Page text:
Reply #2 of 7 posted 9 AUG 06 by Wendy C.

In addition to Kim's thorough explaination. If you have an idea of when the rose bloomed, most roses require 90-114 days to ripen. My sources seem to think over 100 is best.

Best of Luck

Reply #3 of 7 posted 9 AUG 06 by Rupert, Kim L.
That may be a good rule of thumb in many instances and is very likely dependant upon location and prevailing weather. Laurie Chaffin, former owner and operator of Pixie Treasures Miniature Roses, which was in Yorba Linda, CA, said she used to continue breeding all the way up to Christmas and found many of her breeders germinated the following spring. Honestly, when in doubt, just do it. That's how all knowledge and new discoveries are discovered. Push the envelope. You'll be quite surprised how many "absolutes", aren't, and "rules" are meant to be broken. Above all, just have fun!
Reply #4 of 7 posted 27 AUG 06 by christie


thank you for your responses.

the first hips to form are approaching the 100 day mark; no change in peduncle colour yet.

most of my roses were started from cuttings and have only achieved real size this year.  this is the 1st year i have deliberately allowed hips to form. i have at least 2 hips per rose - theoretically, i'll have >200 hips.  this should certainly keep me occupied over the long cold winter months.

will each of the recovered seeds from a single hip be genetically identical?

thanks in advance, christie




Reply #5 of 7 posted 27 AUG 06 by Wendy C.

You are most certainly welcome. Not all hips change color. Since it's still early you could leave them be for a while and see.

Each seed will have it's own genetic makeup. It is amazing the variety one hip can produce. I'm pretty sure you can find an Ezine article on how to process your hips. There is also a wealth of information on processing hips on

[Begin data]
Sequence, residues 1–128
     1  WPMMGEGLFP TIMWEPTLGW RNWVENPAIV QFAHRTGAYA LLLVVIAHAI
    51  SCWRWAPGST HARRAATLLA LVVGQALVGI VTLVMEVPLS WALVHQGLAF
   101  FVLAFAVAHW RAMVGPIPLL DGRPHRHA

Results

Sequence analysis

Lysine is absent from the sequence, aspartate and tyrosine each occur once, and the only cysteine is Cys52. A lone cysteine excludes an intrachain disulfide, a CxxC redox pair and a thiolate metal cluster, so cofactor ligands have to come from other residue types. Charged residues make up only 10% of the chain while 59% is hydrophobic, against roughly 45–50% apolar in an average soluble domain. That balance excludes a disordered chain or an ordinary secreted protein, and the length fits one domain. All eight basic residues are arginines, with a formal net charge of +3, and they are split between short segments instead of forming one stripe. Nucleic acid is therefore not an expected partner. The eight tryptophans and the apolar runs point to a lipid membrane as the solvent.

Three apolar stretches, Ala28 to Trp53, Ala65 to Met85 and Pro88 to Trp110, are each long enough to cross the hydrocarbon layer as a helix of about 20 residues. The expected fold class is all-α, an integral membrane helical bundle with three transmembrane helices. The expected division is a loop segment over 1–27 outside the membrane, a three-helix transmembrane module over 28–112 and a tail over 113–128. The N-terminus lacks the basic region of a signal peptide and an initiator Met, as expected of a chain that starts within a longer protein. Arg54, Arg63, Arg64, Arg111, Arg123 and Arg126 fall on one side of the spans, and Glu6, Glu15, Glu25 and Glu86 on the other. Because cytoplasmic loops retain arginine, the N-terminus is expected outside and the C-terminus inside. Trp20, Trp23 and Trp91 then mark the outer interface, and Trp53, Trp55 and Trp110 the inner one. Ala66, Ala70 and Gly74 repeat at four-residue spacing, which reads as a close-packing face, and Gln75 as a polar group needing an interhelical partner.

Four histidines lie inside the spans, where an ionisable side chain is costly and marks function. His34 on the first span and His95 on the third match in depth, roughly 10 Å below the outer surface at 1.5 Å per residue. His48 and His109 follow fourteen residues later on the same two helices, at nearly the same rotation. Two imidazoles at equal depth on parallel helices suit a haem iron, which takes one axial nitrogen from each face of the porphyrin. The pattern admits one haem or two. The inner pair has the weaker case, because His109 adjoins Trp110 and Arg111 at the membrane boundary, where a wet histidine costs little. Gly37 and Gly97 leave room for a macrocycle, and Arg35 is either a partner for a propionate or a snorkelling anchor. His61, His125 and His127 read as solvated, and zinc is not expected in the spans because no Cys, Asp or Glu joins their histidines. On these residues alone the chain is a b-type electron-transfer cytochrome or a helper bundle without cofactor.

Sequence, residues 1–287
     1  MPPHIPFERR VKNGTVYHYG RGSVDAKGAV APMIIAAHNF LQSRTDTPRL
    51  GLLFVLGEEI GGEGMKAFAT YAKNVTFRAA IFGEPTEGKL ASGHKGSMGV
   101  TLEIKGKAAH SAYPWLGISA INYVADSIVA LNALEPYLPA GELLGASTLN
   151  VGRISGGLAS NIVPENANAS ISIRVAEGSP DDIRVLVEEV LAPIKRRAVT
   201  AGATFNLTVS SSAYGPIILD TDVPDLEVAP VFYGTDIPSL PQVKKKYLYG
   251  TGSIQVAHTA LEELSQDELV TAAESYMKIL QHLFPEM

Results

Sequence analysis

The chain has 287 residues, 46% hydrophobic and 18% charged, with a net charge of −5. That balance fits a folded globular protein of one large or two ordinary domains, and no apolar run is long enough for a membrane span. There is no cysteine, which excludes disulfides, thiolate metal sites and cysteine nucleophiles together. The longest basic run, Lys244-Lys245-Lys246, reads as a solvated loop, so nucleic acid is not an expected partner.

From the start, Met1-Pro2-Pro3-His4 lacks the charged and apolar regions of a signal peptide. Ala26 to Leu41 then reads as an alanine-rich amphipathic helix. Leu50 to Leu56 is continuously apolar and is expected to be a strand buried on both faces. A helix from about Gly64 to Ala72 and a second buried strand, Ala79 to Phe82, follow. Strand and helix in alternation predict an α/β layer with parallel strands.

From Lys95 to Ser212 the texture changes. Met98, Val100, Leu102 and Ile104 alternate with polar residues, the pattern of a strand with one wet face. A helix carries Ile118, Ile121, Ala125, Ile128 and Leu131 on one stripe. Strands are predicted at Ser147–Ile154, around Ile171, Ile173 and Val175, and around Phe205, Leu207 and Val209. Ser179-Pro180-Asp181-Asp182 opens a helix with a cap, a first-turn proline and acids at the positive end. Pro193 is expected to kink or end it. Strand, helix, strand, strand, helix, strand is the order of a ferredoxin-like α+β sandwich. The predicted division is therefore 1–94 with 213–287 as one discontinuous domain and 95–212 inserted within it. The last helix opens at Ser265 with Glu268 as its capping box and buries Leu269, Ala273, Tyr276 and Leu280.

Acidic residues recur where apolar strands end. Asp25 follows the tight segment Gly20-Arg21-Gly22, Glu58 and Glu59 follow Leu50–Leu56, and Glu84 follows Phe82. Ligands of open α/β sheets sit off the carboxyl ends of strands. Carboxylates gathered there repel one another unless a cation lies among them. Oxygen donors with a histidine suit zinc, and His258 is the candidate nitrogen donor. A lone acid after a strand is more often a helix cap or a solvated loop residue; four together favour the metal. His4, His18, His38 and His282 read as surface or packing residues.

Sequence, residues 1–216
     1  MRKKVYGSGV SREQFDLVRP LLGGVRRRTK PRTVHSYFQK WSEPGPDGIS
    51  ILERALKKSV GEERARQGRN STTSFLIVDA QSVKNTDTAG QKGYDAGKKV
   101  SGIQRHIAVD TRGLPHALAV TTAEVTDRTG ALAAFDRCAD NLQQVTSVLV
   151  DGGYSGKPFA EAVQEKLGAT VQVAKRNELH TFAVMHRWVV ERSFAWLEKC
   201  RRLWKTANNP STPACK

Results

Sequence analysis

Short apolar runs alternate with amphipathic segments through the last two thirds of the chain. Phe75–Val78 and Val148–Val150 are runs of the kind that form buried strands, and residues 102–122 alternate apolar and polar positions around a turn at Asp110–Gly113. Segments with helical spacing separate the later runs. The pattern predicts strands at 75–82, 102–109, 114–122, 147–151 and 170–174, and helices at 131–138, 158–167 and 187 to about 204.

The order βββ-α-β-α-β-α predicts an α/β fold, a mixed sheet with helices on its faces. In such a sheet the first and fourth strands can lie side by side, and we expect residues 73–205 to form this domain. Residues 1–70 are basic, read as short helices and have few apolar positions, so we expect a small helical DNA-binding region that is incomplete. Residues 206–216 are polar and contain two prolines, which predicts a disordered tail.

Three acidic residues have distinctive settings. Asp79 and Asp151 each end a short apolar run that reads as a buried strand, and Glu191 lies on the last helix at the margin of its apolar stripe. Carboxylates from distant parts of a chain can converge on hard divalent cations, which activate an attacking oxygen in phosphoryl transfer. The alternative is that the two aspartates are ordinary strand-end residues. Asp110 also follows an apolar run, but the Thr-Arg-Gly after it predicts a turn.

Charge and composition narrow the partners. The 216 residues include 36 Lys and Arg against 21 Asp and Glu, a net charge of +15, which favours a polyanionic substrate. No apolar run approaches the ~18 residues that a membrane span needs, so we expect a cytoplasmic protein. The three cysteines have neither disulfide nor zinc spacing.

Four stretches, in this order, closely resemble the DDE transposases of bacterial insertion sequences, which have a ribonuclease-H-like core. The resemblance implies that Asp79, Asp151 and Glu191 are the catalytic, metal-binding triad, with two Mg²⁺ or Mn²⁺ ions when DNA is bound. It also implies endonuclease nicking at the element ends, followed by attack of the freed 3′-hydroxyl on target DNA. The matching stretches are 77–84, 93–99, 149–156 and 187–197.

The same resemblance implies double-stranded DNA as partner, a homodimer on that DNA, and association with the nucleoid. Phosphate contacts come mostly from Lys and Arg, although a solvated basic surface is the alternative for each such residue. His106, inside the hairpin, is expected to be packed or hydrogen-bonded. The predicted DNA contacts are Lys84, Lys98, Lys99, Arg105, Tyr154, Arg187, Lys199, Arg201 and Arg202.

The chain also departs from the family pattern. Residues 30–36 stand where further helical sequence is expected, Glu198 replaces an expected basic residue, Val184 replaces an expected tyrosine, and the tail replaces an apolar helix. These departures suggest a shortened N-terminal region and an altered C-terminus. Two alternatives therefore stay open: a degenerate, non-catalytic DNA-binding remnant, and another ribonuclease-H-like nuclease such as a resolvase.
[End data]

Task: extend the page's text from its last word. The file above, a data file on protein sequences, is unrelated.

Reply #6 of 7 posted 19 SEP 06 by christie

hi again.


some of my peduncles (i just love saying peduncle :o)) are turning colour.

here is where i keep getting conflicting info:   cold/stratification for how long (sources vary from 1 - 4 months)?  inside the hip or separated from the hip/does it make a difference?

just as an aside, i am having a tremendous fall flush (all that deadheading paid off) so i will not be depriving the birds after all.

thanks in advance,


Reply #7 of 7 posted 19 SEP 06 by Wendy C.

Please understand I am a novice at this too. I've had germination. I've gotten seedlings... of which one has survived me. smile

You want to take the seeds out of the hips. Wear gloves. There are little hair like things in the hips which can cause a nasty itchy rash. It's a lot like fiberglass. Be very careful not to touch your face while you are extracting the seeds.

Next you want to wash them thoroughly, get as much of the hip material off as humanly possible. Scrub your heart out, you can't hurt the seeds. In fact some scratchs may help germination. I've been advised to soak them in Hydrogen Peroxide for up to two days. This helps stave off fungal problems.

Place the seeds in a damp paper towel or seed soil mix in a dish with a cover. Put them in a quiet place in your refridgerator. You can see germination as early as 1 month depending on the seed parent.  Pot up the germinated seedlings in 4" bands or dixie cups with drain holes punched in the sides of the bottom of the cup. Don't pat the soil too hard. Keep them under a grow light (only 2-3" from the seedling) and moist.

The seeds that haven't germinated at four months, remove from the fridge. You can leave them in the containers or plant is up to you. After this cold period you should see a spike in germination once they are in a warm room.

Keep an eye on your seeds. If mold develops change the paper towel/soil and soak the seeds in Hydrogen Peroxide to clean them before placing them back in the fridge.

I really would encourage you to look at the Hybridizing Forum on or there is a Hybridizing Society like the ARS, which have far more experienced folks than me.

Best of luck